Painting side by side with a beginner, you learn things

My painting (left), my student’s painting (right).
I had the opportunity this week to paint side-by-side with a student. He has painted exactly three observational pieces in his life, all under my tutelage. However, as a lifelong builder, he actually has pretty decent drawing chops; he just hasn’t dignified his sketching by calling it art.
The Megunticook River runs beneath and between old mill buildings in Camden, ME.
I set out to do a how-to post about my technique for developing a field sketch. He just happened to be standing next to me, or so I thought.
The Megunticook River runs underneath and around old mill buildings in downtown Camden, Me. I loved the light on the water and the shimmering reflections of the white buildings in the background. However, I felt that it would be better to decompress the gap between the far buildings and remove the building that squeezed the scene down from the left. My student chose to represent the scene exactly as he saw it. About halfway through the painting, I realized that my editorial changes—intended to let the scene “breathe”—had in fact robbed it of its idiosyncratic charm. I would not have realized this had I not been looking at his painting taking shape next to mine.
Working a pretty narrow view, in a pretty narrow space.
The owner of the business next door stopped by several times to see what we were doing. He raved about this man’s painting. But my student—like so many of us—couldn’t hear that praise as genuine, or doesn’t understand how truly gifted he is to be able to do this on the third try.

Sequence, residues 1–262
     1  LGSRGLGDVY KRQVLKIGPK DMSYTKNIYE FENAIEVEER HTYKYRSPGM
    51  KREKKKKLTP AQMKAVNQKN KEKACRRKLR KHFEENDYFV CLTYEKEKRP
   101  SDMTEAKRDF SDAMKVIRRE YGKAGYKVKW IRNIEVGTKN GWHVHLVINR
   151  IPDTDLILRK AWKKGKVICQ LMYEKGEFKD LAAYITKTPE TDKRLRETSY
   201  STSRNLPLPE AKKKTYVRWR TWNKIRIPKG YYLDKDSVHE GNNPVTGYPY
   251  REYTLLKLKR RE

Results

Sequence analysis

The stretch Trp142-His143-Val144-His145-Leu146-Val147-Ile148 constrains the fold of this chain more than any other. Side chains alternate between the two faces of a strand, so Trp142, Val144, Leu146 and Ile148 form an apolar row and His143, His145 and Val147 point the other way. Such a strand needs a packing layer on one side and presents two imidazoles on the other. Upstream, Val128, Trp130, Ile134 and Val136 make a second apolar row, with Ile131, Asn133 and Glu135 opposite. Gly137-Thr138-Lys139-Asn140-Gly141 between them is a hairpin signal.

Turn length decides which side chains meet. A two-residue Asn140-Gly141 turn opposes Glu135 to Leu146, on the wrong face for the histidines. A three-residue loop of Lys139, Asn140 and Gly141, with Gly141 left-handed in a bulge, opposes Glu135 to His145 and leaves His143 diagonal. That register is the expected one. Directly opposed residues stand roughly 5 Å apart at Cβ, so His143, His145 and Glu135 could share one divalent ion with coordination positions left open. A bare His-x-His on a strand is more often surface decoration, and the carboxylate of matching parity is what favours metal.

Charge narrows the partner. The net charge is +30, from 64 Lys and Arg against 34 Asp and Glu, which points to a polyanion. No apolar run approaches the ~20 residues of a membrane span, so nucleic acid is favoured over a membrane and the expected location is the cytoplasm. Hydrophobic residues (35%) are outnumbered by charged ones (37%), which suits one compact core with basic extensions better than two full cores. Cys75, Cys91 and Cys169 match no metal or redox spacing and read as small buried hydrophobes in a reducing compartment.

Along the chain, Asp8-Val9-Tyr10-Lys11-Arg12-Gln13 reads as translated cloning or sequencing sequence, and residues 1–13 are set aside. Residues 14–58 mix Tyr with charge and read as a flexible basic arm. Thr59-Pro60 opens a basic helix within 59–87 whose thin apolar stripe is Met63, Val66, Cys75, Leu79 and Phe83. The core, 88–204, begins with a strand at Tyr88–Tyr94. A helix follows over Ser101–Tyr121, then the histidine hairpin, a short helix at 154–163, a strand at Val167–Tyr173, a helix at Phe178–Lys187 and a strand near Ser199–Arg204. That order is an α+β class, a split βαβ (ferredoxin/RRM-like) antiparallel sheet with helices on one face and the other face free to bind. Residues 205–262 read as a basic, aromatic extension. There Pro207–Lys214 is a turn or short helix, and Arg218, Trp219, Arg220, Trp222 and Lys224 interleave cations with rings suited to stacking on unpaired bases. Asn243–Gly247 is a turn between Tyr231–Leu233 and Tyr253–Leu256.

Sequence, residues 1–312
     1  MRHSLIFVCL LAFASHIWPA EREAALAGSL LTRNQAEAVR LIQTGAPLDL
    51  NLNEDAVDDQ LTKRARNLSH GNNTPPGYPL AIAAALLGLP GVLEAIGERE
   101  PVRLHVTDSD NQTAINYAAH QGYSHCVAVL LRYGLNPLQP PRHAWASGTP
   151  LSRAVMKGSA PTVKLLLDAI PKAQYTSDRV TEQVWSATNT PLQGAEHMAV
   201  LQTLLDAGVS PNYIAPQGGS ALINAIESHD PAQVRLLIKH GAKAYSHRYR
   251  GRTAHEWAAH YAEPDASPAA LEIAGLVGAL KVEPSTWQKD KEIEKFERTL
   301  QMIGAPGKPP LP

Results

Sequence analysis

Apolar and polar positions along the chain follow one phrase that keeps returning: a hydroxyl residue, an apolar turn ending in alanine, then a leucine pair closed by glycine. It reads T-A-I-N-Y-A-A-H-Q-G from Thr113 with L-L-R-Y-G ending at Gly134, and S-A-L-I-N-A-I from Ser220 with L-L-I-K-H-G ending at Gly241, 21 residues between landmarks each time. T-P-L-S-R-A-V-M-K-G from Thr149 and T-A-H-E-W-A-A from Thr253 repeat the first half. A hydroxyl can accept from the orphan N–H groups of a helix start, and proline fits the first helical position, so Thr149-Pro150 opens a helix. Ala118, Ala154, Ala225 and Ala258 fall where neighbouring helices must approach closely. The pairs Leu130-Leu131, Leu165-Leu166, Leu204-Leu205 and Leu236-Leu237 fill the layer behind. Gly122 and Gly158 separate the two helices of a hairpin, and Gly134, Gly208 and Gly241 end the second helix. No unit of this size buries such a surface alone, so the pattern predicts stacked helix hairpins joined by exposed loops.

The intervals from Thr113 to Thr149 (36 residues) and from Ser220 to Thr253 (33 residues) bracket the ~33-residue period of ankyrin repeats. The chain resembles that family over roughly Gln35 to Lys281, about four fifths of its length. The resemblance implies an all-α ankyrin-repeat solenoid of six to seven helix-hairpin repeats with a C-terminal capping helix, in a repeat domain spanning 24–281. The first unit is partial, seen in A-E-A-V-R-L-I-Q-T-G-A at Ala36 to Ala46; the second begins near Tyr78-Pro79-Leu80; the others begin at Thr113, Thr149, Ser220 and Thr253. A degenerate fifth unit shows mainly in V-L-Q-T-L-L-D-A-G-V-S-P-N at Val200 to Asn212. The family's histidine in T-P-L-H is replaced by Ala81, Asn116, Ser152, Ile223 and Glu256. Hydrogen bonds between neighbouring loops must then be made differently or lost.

His palette, acrylics.
“Someday, they’ll be talking about you as the new Grandma Moses, and I’ll be a footnote in your personal history,” I told him.
His finished painting. 
Sometimes you need to see a painting dignified with a frame; it is as if it puts on its tuxedo and is ready to perform. So I tossed his painting in a frame while I framed mine. I think he suddenly realized just how good it is and was shocked.
Later this week, I’ll post my step-by-step instructions. After all, technique is important; the joy of painting… well, that is something far greater.

Join us in October, 2013 at Lakewatch Manor—which is selling out fast—or let me know if you’re interested in painting with me in 2014. Click here for more information on my Maine workshops!
Carol Douglas

About Carol Douglas

Carol L. Douglas is a painter who lives, works and teaches in Rockport, ME. Her annual workshop will again be held on the Schoodic Peninsula in beautiful Acadia National Park, from August 6-11, 2017. Visit for more information.